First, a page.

The Real Story Behind Imitation Crab
What Is Imitation Crab?
Who doesn’t love sweet, briny crab meat? Silly question. Unfortunately, that kind of fresh-from-the-ocean haul can be cost prohibitive. That’s why several decades ago, food manufacturers and chefs went looking for a less expensive alternative to the much sought-after shellfish. In the 1970s, the Japanese introduced imitation crab, a processed seafood proxy that tastes and looks like the original.
The key is surimi, a seafood paste made from white fish, artificial and natural flavors, starch, sugar, and sodium. And the preferred white fish in this amalgam is Alaskan Pollock—the same variety most commonly utilized in frozen fish sticks and fast-food seafood sandwiches.
Once the surimi paste is made and piped into molds, a thin coat of orange food dye is painted onto the exterior in order to mimic the crab’s natural hue.
A decade after its Asian introduction, the imitation product made its way overseas and began appearing in American restaurants and grocery stores. Today, it’s used widely, in sushi (you’re likely eating it in that grocery store California roll), fast food sandwiches and seafood salads, and more.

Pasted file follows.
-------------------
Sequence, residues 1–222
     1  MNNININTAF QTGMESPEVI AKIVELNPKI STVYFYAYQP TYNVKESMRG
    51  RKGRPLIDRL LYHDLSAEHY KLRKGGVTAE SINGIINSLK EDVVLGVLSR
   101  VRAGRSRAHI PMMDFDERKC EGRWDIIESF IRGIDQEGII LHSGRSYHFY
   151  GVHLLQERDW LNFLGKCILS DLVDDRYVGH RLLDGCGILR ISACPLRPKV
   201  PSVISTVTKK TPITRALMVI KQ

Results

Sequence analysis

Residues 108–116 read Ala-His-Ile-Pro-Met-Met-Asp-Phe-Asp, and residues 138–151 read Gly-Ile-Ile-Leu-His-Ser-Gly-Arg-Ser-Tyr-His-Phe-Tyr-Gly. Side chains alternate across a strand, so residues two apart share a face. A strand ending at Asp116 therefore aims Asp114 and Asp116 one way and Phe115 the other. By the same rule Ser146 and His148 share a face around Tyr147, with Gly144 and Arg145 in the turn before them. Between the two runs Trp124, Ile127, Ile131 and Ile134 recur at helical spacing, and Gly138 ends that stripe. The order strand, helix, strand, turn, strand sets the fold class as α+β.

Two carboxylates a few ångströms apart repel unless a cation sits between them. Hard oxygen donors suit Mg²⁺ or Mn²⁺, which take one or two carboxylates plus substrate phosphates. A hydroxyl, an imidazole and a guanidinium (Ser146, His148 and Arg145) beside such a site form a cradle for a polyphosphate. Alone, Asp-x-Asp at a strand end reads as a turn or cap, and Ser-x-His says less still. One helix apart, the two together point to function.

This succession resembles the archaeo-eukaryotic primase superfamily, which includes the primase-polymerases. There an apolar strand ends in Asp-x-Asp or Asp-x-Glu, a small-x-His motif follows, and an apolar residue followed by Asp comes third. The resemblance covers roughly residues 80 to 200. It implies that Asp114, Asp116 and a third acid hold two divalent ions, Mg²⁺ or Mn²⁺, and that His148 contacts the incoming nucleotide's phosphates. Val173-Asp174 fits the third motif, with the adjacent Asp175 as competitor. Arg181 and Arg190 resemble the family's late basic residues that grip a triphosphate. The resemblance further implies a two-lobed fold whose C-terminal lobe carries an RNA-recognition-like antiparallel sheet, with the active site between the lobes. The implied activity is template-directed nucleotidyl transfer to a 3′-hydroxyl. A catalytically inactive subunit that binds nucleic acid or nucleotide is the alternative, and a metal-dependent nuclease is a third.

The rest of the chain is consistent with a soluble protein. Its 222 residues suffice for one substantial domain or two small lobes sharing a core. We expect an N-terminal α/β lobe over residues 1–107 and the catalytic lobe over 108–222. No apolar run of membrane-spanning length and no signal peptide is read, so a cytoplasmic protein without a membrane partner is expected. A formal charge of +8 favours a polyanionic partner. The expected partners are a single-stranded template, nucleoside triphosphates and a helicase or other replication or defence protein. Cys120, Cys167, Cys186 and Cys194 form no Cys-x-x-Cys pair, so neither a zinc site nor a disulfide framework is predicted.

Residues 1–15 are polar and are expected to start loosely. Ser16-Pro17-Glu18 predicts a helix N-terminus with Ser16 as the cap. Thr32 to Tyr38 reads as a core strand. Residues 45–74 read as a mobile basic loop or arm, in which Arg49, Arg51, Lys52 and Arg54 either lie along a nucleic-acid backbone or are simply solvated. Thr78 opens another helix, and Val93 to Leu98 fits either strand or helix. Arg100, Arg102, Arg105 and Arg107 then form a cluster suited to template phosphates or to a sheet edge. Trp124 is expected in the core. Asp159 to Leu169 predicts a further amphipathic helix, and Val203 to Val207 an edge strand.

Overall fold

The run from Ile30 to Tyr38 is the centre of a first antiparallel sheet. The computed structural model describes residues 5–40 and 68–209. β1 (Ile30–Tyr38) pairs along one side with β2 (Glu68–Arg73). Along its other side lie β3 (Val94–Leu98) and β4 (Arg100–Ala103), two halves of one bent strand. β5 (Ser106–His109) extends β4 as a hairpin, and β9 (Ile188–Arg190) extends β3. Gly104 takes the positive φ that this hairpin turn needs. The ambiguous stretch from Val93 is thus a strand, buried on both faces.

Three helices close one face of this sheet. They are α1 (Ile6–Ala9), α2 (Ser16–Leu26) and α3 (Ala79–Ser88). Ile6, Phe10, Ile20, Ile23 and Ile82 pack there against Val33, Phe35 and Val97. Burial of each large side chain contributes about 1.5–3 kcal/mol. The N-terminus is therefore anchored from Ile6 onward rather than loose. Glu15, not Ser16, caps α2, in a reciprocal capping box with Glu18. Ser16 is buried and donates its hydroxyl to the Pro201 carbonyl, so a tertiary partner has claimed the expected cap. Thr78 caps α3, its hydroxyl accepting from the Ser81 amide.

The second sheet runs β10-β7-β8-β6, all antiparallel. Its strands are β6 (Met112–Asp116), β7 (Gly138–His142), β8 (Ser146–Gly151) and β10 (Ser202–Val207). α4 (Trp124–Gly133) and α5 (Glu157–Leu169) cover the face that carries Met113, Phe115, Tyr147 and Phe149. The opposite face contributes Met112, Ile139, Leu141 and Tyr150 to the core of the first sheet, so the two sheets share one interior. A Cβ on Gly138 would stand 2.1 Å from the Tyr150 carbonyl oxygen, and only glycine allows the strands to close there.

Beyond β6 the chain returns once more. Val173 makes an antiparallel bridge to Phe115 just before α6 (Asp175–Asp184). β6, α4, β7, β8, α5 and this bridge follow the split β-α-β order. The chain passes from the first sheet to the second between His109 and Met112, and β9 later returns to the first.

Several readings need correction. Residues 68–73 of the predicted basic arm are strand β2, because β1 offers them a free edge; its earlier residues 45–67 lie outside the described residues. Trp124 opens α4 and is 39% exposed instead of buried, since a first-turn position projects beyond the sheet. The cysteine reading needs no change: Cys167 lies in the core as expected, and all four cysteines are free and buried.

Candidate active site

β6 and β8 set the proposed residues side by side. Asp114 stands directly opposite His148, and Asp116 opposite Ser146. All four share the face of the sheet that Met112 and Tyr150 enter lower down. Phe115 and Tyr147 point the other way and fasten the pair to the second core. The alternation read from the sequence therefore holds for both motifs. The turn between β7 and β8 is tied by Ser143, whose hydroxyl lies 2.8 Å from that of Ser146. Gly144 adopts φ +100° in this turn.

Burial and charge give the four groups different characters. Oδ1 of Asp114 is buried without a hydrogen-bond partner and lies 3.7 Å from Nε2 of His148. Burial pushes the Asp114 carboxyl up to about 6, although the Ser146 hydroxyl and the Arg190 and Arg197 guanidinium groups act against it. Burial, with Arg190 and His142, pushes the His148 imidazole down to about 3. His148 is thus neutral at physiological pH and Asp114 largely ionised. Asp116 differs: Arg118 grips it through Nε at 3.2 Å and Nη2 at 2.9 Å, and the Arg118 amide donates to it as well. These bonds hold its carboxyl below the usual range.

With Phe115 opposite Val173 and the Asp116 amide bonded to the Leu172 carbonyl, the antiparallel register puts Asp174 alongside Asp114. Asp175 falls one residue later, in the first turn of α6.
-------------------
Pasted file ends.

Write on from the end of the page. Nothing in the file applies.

Why Was Imitation Crab Created?
Even processed crab—packaged and sold in refrigerated containers or cans—can wield a heavy price tag.
Imitation crab meat, on the other hand, is not only more affordable, but a serviceable substitute in sushi rolls, salads, and dips.
But nutritionally, these are two very different products. Real crab meat has almost three times the protein of imitation crab. (A three-ounce serving of crab has 16 grams of protein versus only 6 grams in imitation examples). Additionally, artificial crab has more sodium and sugar. And people with gluten sensitivities should avoid the faux fish product as it is often processed with starch and other gluten-based thickeners.
How to Tell if Your Crab Is Real or Not
The easiest way to know if what you’re buying is real or not is to read the label. Imitation crab is often labeled as “crab sticks” or “krab,” if not clearly marked as “imitation.”
If the front of the carton isn’t clear, be sure to flip the package over and read the ingredients. Processed crab typically only two components—crab and water (it may also include citric acid or another ingredient to prevent discoloration)—whereas imitation crab meat has a litany of ingredients.
In a pinch, you can use imitation crab in any recipe that calls for the real thing, and you’ll save money in the process. It cooks and tastes almost identical to real crab meat, so use it in salads, spreads, and sandwiches to taste a bit of the sea any time of the year.